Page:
alfalfa level - digestibility - domestic - intake - rabbit - wild
The aim of this study was to evaluate the effect of the level of alfalfa in the diet on feed intake and digestibility of two types of rabbits, wild (Oryctolagus cuniculus algirus) vs. domestic (O. cuniculus cuniculus). Ten wild (W; mean LW = 927 g) and 10 domestic (D; mean LW = 4,645 g) adult rabbit does were fed ad libitum two pelleted diets: a control diet (C) with 15% of dehydrated alfalfa hay (as feed basis) and a test diet (A) with 36% of dehydrated alfalfa hay (as feed basis), according to a change-over design. Wild does dry matter (DM) intake per kg live weight (BW) was 55% higher (p < .001) than the intake of the D ones (58 g vs. 37 g DM per kg BW respectively). However, no difference (p > .05) was found when intake was expressed per kg0.75 BW (ca. 56 g DM) and tended to be higher (p = .07) in D does when expressed per kg0.67 BW (62 g vs. 55 g DM). Domestic does showed a higher (p < .05) DM, organic matter, crude energy and neutral detergent fibre digestibility (3; 2; 3; 3 percentage points respectively) than W does. The amount of nutrients and energy digested by D does was lower per kg BW (p < .001), similar per kg0.75 BW (p > .05) and tended to be higher per kg0.67 BW (p < .1) than in W does. The diet content of alfalfa did not affect (p > .05) the feed intake nor the diet digestibility. This study suggests that W rabbits exhibit a higher intake per kg BW and a lower digestibility than their D counterparts, which results in similar digestible nutrient and energy intake per kg BW powered to 0.75. The nutritive value of dehydrated alfalfa for rabbits, evaluated through intake and digestibility, seems to be equivalent to their base diets (forage plus concentrate).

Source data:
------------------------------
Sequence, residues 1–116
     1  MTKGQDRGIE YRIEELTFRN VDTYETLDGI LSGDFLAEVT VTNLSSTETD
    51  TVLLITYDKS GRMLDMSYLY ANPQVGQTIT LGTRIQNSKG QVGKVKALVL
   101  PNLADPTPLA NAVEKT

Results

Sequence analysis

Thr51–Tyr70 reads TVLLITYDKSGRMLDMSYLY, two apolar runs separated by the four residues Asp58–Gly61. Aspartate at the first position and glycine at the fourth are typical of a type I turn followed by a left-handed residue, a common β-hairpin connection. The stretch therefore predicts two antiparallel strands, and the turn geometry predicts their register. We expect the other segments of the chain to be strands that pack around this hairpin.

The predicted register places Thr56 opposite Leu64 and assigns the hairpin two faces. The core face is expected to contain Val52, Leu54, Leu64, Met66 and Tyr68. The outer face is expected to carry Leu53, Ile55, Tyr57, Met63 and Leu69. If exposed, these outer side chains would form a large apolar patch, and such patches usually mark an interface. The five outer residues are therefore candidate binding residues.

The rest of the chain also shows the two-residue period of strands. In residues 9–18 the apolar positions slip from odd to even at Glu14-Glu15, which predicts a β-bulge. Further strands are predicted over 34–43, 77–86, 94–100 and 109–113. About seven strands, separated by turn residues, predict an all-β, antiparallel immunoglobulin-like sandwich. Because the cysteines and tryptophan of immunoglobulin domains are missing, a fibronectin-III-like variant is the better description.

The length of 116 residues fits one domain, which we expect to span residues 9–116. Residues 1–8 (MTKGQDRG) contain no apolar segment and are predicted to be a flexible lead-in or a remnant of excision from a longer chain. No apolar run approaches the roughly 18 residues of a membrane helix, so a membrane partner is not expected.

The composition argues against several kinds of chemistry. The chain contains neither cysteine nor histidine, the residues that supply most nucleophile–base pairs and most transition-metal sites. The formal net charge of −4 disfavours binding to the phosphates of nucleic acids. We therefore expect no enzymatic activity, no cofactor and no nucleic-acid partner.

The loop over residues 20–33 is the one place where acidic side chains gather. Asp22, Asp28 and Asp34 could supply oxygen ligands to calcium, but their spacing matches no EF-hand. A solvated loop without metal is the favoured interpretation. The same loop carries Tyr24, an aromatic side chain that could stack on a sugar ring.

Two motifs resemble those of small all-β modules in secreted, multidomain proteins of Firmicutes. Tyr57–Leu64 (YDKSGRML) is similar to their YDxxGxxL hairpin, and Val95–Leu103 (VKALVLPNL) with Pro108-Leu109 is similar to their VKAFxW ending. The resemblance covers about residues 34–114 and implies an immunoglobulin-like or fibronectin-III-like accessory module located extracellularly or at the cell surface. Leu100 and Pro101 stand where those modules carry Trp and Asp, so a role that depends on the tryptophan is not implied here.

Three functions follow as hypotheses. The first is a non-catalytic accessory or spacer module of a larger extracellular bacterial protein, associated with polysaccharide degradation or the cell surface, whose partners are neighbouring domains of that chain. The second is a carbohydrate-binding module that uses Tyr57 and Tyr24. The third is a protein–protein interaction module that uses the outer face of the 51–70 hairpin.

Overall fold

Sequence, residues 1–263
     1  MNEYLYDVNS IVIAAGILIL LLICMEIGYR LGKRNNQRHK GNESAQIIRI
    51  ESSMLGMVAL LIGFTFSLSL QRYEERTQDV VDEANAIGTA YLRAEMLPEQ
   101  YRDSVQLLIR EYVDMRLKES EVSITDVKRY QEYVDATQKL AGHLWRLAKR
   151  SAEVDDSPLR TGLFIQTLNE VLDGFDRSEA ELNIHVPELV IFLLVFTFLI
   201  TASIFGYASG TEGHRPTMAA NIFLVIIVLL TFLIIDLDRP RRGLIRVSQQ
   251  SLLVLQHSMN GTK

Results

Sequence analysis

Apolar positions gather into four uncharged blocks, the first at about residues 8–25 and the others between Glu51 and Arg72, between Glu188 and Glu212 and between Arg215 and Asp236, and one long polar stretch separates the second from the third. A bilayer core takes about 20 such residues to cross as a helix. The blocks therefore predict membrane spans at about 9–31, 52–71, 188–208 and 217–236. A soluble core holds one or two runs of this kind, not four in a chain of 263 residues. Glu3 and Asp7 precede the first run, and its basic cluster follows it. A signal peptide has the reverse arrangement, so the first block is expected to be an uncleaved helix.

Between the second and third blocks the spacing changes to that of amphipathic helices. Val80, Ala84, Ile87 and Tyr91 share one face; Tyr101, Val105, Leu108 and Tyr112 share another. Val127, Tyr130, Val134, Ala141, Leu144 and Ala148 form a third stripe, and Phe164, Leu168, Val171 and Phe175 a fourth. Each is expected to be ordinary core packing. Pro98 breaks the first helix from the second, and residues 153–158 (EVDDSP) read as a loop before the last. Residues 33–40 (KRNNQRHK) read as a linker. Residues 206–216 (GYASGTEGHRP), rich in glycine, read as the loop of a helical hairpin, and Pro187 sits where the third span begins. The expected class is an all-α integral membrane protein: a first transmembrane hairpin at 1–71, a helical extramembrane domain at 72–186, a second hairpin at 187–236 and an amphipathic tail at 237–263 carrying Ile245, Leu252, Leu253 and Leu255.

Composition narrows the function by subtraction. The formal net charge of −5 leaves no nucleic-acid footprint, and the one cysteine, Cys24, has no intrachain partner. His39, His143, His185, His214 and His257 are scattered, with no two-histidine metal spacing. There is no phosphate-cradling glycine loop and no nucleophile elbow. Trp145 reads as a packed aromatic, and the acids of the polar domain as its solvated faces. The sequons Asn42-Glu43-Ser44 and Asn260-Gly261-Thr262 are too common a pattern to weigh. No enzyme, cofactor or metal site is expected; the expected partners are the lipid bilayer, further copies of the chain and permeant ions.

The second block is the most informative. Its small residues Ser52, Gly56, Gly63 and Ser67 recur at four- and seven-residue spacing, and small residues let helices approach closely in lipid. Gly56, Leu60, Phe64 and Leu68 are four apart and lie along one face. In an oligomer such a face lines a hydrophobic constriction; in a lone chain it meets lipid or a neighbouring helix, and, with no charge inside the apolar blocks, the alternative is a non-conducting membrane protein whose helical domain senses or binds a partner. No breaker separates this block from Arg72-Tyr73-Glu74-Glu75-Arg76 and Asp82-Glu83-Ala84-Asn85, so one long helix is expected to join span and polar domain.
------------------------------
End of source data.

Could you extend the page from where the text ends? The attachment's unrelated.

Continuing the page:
A high-coverage draft genome of the mycalesine butterfly Bicyclus anynana
Nowell, Reuben W. ; Elsworth, Ben ; Oostra, Vicencio ; Zwaan, Bas J. ; Wheat, Christopher W. ; Saastamoinen, Marjo ; Saccheri, Ilik J. ; Hof, Arjen E. van 't; Wasik, Bethany R. ; Connahs, Heidi ; Aslam, Muhammad L. ; Kumar, Sujai ; Challis, Richard J. ; Monteiro, Antónia ; Brakefield, Paul M. ; Blaxter, Mark - \ 2017
GigaScience 6 (2017)7. - ISSN 2047-217X
Bicyclus anynana - Lepidopteran genome - Nymphalid - Nymphalidae - Satyrid - Squinting bush brown

The mycalesine butterfly Bicyclus anynana, the "Squinting bush brown," is a model organism in the study of lepidopteran ecology, development, and evolution. Here, we present a draft genome sequence for B. anynana to serve as a genomics resource for current and future studies of this important model species. Seven libraries with insert sizes ranging from 350 bp to 20 kb were constructed using DNA from an inbred female and sequenced using both Illumina and PacBio technology; 128 Gb of raw Illumina data was filtered to 124 Gb and assembled to a final size of 475 Mb (~×260 assembly coverage). Contigs were scaffolded using mate-pair, transcriptome, and PacBio data into 10 800 sequences with an N50 of 638 kb (longest scaffold 5 Mb). The genome is comprised of 26% repetitive elements and encodes a total of 22 642 predicted protein-coding genes. Recovery of a BUSCO set of core metazoan genes was almost complete (98%). Overall, these metrics compare well with other recently published lepidopteran genomes. We report a high-quality draft genome sequence for Bicyclus anynana. The genome assembly and annotated gene models are available at LepBase (http://ensembl.lepbase.org/index.html).

It takes three to tango : biobased innovaties: een samenwerking tussen overheid, onderwijs en ondernemers
Monteiro da Fonseca, Wendy ; Otterloo, Laura van; Simons, Ralph ; Ankersmit, Elis ; Vilsteren, Gerlinde van - \ 2017
Netherlands : CoE BBE - 47
samenwerking - publiek-private samenwerking - innovaties - biobased economy - kennisoverdracht - colleges - onderzoek - nederland - beroepsopleiding (hoger) - cooperation - public-private cooperation - innovations - knowledge transfer - research - netherlands - professional education
De transitie naar een Biobased Economy (BBE) is al jaren een 'hot item' in Nederland, zowel binnen de Nationaal Wetenschapsagenda als binnen de topsectoren. De MKB-erst, elk in eigen niches, spelen hierbij een bepalende rol. Hiernaast hebben de hogescholen op dit domein de ambitie om een belangrijke rol voor het MKB als kennisleverancier te spelen (onderwijs en onderzoek). In dit rapport probeert helderheid te creëren over hoe dit proces verloopt.
Os desafios de transferência de tecnologia no setor produtivo do leite : O estudo de caso do Projeto Balde Cheio